Krebs and Zary fill out the rest of Canada’s needs down the middle, as both have enjoyed an incredibly successful camp. Krebs can not only quarterback a power play, but his two-way ability and effectiveness at both ends of the ice is something that every team needs. Captaining the Winnipeg Ice (WHL) this past season, it’ll be Krebs’ vision and all-around ability that will lead him towards a prominent role with Team Canada.

Zary, who has the ability to shift to the wing, brings mobility and a physical presence to the team. Add an above-average scoring touch to that mix, and Zary could find himself in any in-game situation. While I originally had him on the outside looking in to begin camp, he found instantaneous chemistry with Dach and Tomasino while also contributing in his own fashion. His shot placement and his ability to find the puck at top speed make him an ideal linemate for a distributor.

Tomasino, an Oshawa Generals (OHL) standout, has also reached another level of success as selection camp draws on. Possessing a “lightning-quick first step and high-end foot speed” (Future Considerations, 2019) to go along with a dynamic release and a knack for the high-danger areas of the ice, he brings another offensively-driven threat to Team Canada’s lineup.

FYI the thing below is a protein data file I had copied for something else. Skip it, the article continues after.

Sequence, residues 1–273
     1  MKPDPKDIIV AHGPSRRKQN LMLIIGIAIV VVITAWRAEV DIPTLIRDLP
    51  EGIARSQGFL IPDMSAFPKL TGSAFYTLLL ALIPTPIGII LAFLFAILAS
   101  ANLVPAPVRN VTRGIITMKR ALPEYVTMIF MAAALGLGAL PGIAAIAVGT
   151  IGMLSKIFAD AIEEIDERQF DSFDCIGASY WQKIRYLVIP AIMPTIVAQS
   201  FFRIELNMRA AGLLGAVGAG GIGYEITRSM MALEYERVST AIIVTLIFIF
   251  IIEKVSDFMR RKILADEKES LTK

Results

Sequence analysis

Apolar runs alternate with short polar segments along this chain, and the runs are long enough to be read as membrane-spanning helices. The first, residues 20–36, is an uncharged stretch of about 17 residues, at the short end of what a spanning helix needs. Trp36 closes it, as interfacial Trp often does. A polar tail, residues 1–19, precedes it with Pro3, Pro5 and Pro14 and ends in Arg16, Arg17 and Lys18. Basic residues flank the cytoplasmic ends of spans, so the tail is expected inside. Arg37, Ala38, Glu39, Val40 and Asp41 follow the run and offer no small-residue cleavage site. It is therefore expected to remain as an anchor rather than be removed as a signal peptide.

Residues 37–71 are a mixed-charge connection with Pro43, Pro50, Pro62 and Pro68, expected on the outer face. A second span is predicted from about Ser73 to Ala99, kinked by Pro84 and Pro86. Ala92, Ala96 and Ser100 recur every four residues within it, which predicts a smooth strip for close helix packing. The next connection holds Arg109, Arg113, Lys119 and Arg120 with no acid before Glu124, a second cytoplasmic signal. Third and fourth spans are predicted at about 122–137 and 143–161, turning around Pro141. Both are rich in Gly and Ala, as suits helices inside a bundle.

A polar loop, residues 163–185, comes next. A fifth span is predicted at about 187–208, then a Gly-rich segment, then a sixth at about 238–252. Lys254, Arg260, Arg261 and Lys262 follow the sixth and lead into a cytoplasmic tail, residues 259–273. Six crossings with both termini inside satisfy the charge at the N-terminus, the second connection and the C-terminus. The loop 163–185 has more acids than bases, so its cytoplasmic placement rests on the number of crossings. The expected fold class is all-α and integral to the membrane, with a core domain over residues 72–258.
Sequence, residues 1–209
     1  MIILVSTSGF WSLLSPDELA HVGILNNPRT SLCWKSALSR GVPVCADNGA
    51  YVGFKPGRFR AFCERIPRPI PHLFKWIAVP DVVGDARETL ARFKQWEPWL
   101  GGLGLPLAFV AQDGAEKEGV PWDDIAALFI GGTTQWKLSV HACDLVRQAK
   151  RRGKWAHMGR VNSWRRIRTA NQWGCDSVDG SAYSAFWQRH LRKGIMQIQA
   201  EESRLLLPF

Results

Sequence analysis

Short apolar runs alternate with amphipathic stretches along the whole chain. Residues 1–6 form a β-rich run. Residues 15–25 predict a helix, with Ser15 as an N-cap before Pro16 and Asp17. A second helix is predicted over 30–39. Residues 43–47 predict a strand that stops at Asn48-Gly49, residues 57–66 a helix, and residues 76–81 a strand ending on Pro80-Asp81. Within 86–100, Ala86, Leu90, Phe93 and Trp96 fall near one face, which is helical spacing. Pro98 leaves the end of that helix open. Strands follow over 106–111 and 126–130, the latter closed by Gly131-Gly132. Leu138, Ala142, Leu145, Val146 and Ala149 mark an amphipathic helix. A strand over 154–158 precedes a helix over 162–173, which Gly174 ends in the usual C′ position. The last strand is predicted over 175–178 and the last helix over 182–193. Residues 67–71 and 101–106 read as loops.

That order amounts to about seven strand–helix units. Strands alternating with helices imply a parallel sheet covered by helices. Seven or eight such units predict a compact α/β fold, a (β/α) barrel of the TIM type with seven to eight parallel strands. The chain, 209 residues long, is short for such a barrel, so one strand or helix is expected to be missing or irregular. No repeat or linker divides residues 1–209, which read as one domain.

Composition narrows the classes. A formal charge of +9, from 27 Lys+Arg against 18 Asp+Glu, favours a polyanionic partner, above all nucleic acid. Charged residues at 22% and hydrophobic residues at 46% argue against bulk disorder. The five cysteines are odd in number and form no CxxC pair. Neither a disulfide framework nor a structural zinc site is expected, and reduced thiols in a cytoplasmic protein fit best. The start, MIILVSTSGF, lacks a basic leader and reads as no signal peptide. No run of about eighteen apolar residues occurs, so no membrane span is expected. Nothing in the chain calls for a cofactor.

Krebs provides another level of depth to the Canadian lineup


Expect to see Winnipeg Jets’ prospect Cole Perfetti (Whitby, ON.) crack the lineup on his second attempt as well, considering he enjoyed an even more productive season with the Saginaw Spirit (OHL). While not having the most electrifying presence in Red Deer so far, the Whitby-native should bring a potent scoring touch in whatever role he’s placed in. Already having played with the national team at the 2019 Hlinka Gretzky Cup, Perfetti also brings a wealth of international experience.

Following an impressive rookie season with Boston College (NCAA), Alex Newhook (St. John’s, NL.) has the best chance to make the team out of the crop of NCAA players. Notching an impressive 42 points in 34 games last season, he has proven his worth at every level of hockey he’s played, and his explosive skating ability and high-octane mindset should give him the edge over other players in the main cohort.